Severe Combined Immunodeficiency (SCID) is a rare, life-threatening immunological disorder characterized due to the lack of B-lymphocyte and T-lymphocyte functioning. Sporadic (occasional) malfunctioning of natural killer (NK) cells can also result this condition.
This collective deficiency in immune response is the direct result of defects at the genetic level. Individuals become more vulnerable to potentially fatal infections such as chicken pox, meningitis, pneumonia and other systemic infections. Babies, who are born with this condition, usually die within a year of their birth in the absence of an early diagnosis and treatment.
SCID is also known as “bubble boy disease” after David Vetter who was born in 1971 with this disease. An isolated plastic chamber was used to protect Vetter from the infections; however, he could only survive for a decade and died due to an unsuccessful bone marrow transplant.
Root Causes and Risk Factors
SCID is a type of primary immunodeficiency disease which weakens the body’s immune system; hence leading to the body’s inability to fight even minor infections. With the advancements in the research, scientists have categorized several molecular factors that can cause genetic distortions resulting in SCID.
Till date, fourteen different types of SCID have been recognized. Most of the forms of SCID follow an inheritance that is recessive in nature. The following two forms of SCID are relatively more prevalent.
X-Linked SCID (XSCID)
This is the most frequent type of SCID with approximately 50% of the incidence. Mutation in the interleukin 2 receptor gamma (IL2RG) gene on X-chromosome is the primary cause for XSCID. IL2RG play a crucial role in development of surface receptors on lymphocytes. These receptors upon activation by cytokines help the cells to mature and multiply. X-linked inherited mutations in IL2RG disrupt its functioning, creating a faulty “common gamma chain subunit”, which is a part of several defective interleukin (IL) receptors.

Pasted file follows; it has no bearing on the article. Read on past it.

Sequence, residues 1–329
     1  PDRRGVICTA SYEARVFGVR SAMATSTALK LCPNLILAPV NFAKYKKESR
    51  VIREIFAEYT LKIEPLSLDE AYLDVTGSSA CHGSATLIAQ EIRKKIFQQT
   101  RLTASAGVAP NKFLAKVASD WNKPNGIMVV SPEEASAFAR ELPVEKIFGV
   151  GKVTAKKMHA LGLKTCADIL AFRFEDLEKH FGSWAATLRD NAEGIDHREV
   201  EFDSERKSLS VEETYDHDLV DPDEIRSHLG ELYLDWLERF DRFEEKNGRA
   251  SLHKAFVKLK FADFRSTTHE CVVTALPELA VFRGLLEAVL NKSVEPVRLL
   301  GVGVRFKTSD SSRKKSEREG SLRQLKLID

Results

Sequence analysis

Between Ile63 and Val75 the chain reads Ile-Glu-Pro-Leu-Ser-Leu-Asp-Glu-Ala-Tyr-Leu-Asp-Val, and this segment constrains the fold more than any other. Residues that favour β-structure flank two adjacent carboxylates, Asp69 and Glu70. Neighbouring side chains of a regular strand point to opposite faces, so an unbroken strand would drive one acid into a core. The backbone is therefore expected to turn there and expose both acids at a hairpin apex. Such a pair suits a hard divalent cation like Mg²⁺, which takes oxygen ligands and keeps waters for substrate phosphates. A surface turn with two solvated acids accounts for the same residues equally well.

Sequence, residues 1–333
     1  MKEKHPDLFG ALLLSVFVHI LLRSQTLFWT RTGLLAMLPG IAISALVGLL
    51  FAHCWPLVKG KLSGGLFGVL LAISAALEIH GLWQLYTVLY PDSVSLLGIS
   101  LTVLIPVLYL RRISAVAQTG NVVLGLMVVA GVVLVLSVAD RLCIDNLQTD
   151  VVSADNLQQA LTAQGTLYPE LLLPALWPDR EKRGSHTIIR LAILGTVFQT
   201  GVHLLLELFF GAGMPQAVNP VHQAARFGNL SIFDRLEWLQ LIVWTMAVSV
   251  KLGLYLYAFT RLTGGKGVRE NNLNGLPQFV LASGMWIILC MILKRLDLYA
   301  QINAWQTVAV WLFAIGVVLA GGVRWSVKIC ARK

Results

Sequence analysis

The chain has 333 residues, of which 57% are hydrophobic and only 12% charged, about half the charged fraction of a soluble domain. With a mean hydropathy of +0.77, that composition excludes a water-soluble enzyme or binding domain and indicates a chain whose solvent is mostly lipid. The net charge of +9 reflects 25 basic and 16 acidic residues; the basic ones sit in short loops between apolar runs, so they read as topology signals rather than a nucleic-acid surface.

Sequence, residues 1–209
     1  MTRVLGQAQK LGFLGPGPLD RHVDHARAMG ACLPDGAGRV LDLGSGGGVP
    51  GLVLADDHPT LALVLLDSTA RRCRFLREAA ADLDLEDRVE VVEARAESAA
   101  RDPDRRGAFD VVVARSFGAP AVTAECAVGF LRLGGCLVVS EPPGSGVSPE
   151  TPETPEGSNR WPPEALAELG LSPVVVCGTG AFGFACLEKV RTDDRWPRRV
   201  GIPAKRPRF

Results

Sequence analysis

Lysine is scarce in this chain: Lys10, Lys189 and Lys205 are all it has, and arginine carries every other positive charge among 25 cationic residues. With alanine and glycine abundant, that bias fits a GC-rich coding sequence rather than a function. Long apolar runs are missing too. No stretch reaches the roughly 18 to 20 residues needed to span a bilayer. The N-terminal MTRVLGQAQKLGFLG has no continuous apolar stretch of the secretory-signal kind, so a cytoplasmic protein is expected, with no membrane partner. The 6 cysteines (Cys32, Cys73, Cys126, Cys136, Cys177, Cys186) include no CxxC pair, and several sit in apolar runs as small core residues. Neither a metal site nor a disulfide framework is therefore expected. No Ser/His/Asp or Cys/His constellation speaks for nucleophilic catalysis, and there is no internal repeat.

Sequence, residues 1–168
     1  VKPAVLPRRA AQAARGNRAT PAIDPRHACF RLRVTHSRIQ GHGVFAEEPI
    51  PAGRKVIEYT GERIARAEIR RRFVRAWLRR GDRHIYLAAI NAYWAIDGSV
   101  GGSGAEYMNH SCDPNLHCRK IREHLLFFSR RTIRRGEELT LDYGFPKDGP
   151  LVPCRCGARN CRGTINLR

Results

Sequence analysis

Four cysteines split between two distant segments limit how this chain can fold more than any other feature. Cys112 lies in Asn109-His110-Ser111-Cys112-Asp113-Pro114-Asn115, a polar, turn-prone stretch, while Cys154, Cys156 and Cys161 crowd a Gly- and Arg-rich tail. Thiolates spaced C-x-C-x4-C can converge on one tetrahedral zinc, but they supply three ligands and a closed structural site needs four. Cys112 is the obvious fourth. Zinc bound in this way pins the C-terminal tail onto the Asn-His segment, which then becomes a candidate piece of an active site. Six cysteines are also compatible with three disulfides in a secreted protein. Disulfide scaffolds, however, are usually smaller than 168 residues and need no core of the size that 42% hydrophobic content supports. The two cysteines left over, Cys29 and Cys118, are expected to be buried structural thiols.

IL2RG also activates an important signaling molecule, JAK3 on Chromosome 19. Mutations in JAK3 also contribute to defective IL receptors.
As a result of these mutations, T-lymphocytes which play a major role in foreign body location and maintaining the natural defense mechanism of the body remain underdeveloped.
As the root cause of this disease lies on X-chromosome, females are natural carriers of these mutations because of the existence of two X-chromosomes. However, because of the same fact, they become less prone to the manifestations of this disease. In females, the spare X-chromosome with normally functioning IL2RG and JAK3 pathways play a crucial role in combating the effects of faulty chromosome. Hence, XSCID majorly affects males due to the absence of any proxy defense machinery.
Adenosine Deaminase (ADA) Deficiency SCID
As evident from the name, this type of SCID is caused due to the deficiency of ADA enzyme. ADA deficiency SCID is often considered to be the consequence of spontaneous mutations. Also, there may be various other genetic factors involved.
ADA is a vital component for the production of new DNA, development of lymphocytes, and disposal of toxic metabolites from the body. Formation of ADA is governed by a gene located on Chromosome 20. The mutations in this gene result in an incomplete enzymatic reaction, causing accumulation of the transient substrates and metabolites inside the cells. These chemicals start showing toxic manifestations to the extent of killing the immature lymphocytes. The immune system of the patient becomes severely compromised and is often lethal in absence of prompt treatment.
Other forms and the causes of SCID are mentioned below:
Alpha Chain of the IL-7 Receptor deficiency SCID
This is the third most common form of SCID with 11% of the incidence. It is due to the mutation in the gene that encodes the alpha chain of the IL-7 receptor (IL-7Rα).There is a deficiency of T-cells, which further leads to the non-functioning of B-cells.
Janus Kinase 3 deficiency SCID
It results due to the gene mutation that encodes an enzyme, which is present in the lymphocyte named Janus Kinase 3. The patients with this type of SCID are quite similar to X-linked SCID.
CD3 Chains deficiency SCID
Three other forms of SCID results due to genetic mutations leading to deficiency of CD3δ, ε or ζ protein chains.
CD45 deficiency SCID
It is due to mutations in the genes that are responsible for coding CD45 protein, which further is responsible for the correct functioning of T-cells.
Some More Causes of SCID
There are five more types of SCID, which result due to gene mutations that encodes proteins which promote the growth of immune recognition receptors on T and B cells. These five types are:
- Recombinase activating genes 1 and 2 (RAG1 and RAG2) deficiency –also known as Omenn’s Syndrome
- Artemis deficiency
- Cernunnos deficiency
- Ligase 4 deficiency